The UK is layered with rich history and architectural beauty, tradition and craft. Preservation and restoration of such structures and monuments is crucial in maintaining the thread that continues to share our story and keep our heritage alive. I am a trustee of Heritage of London Trust (HOLT) which is an independent heritage charity, set up in 1980 by the Greater London Council to rescue historic buildings and monuments.
Earlier this year we hosted Heritage of London Trust (HOLT) at The Soho Hotel where I joined Director of HOLT, Dr Nicola Stacey for a series of unique ‘in conversation’ talks. The event celebrated three talented craftspeople who are all helping to restore London’s lost heritage whilst honouring the fascinating histories of each site.
A recent project that HOLT are working on is at Boston Manor House in Hounslow, West London. Here they have been restoring the manor’s 18th century wallpaper.
Wallpaper is such an integral part of British design and of course to our interiors. It adds a layer of charm, character and comfort to a space and this project is an exciting example of the importance of maintaining such a heritage. Boston Manor was once the site of a mediaeval estate, later owned in the 16th century by Sir Thomas Gresham. In 1623, the site was inherited by Lady Mary Reade who built the core of the current house. In 1670 the house and its estate was sold to James Clitherow, who altered and extended it. The house remained with the Clitherow family until 1924 when it was sold to Brentford Urban District Council (and is now owned by Hounslow Council).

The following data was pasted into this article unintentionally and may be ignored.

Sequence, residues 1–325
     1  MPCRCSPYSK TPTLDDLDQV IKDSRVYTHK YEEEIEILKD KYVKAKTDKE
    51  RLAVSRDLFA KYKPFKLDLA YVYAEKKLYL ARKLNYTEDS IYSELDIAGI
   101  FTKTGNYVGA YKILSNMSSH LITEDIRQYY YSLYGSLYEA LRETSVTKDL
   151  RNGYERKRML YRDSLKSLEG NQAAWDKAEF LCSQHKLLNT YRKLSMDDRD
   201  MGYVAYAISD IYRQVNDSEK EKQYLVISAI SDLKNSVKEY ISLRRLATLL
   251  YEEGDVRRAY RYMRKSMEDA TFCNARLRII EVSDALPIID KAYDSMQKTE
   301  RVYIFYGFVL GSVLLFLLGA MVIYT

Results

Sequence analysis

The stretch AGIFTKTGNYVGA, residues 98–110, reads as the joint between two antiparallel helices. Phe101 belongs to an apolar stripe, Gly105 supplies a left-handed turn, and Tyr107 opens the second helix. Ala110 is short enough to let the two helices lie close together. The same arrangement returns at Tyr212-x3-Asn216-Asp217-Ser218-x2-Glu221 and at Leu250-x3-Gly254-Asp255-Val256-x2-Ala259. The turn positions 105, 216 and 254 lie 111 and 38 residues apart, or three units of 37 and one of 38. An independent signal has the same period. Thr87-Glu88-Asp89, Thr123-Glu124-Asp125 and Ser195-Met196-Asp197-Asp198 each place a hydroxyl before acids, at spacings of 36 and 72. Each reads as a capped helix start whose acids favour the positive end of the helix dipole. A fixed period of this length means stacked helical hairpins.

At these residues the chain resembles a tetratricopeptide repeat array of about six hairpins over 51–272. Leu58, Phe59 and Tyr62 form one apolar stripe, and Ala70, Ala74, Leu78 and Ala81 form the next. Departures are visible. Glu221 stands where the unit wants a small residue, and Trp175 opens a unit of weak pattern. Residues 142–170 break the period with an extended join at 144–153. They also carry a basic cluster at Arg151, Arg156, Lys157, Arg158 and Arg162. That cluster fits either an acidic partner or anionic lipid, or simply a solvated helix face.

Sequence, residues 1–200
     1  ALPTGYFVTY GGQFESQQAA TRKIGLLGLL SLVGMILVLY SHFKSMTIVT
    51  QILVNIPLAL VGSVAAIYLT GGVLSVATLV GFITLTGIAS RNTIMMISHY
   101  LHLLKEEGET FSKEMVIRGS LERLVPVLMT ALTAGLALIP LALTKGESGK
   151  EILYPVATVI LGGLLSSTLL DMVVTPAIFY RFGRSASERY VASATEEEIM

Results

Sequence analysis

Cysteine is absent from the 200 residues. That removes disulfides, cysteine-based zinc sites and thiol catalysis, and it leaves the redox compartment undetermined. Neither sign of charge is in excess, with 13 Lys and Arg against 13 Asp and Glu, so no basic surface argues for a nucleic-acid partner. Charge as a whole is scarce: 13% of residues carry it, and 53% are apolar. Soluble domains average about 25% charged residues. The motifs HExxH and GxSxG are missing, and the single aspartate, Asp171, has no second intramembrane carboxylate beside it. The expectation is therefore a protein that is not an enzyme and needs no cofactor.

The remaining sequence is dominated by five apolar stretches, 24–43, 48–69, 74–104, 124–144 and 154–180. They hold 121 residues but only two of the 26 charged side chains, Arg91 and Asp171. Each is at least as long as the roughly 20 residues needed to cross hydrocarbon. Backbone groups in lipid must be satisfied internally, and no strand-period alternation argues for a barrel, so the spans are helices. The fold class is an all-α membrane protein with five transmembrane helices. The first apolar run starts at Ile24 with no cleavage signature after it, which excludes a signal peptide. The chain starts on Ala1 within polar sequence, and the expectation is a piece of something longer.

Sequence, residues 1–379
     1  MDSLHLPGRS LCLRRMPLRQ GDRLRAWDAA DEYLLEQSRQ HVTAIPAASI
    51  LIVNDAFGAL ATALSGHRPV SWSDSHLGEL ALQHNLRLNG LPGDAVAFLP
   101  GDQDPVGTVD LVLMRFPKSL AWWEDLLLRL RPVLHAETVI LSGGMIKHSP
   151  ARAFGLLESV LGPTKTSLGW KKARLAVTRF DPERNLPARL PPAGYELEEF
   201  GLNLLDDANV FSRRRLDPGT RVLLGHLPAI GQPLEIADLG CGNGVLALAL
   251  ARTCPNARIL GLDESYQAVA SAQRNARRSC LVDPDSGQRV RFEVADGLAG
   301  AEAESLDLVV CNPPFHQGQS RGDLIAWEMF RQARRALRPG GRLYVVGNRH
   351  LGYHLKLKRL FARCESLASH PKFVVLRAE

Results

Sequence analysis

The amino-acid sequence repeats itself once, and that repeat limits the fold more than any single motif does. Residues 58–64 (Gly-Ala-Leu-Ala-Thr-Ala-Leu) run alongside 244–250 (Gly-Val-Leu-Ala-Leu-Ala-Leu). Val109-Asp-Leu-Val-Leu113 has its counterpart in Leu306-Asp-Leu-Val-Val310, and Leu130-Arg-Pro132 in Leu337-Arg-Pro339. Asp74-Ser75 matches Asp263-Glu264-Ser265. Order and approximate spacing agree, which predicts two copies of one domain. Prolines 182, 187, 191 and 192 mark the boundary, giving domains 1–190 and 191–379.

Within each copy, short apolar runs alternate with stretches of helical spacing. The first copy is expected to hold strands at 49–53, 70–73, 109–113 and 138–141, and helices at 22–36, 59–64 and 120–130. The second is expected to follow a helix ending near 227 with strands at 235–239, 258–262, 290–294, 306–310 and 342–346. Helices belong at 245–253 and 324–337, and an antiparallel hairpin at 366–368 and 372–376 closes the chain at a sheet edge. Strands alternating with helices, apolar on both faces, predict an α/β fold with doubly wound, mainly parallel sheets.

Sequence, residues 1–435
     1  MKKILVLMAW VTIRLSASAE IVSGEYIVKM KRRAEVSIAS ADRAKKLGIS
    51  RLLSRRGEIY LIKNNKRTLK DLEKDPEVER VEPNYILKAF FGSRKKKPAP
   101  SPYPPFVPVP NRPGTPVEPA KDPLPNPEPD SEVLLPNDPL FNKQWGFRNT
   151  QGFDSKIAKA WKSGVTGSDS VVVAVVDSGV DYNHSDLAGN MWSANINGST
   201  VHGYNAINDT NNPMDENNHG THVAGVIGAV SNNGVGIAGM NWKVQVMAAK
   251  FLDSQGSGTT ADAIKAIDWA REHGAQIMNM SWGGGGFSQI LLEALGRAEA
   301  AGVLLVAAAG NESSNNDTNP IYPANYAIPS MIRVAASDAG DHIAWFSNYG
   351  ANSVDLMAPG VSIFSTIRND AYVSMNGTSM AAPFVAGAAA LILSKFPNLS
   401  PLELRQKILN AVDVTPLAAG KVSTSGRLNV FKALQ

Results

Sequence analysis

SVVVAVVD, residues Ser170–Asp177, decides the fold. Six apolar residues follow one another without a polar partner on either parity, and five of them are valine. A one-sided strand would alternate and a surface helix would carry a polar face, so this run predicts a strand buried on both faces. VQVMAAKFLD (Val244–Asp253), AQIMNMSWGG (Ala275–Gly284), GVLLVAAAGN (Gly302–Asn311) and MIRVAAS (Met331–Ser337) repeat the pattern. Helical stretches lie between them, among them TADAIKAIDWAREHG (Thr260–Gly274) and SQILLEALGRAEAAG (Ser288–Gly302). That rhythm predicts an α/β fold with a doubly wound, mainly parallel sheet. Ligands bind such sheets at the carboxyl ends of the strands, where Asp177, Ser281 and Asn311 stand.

What is so incredibly unique about this building is that it retains some of the rarest and only surviving examples of 18th century classical ruins wallpaper in the world. Dating back to 1757, it was inspired by the Grand Tour, where expeditions were made by young aristocrats to the ancient sites of Greece and Rome. It illustrates a neo-classical sphinx on a pedestal in front of an obelisk and two young men enthralled in the site. It also highlights ancient architectural debris with foliage growing from buildings which capture a sense of abandonment.
The paper is linen rag based and is printed in four sections, glued directly to the walls. After 250 years, the paper in its dilapidated condition was given a HOLT grant to aid the preservation of this rare piece of history. The wallpaper was restored by Allyson McDermott Studio, an expert on conserving and recreating historic wallpapers. Final touches were made once rehung in the manor and parts of the paper were recreated to restore the west wall which had been missing.
This restoration project is a refreshing and exciting example of the importance of maintaining our visual history and I can’t wait to visit this coming autumn when it reopens. We hope you too are inspired to visit and revel in a piece of our heritage. Boston Manor is located at: Boston Manor Road, Brentford TW8 9JX for more information visit: heritageoflondon.org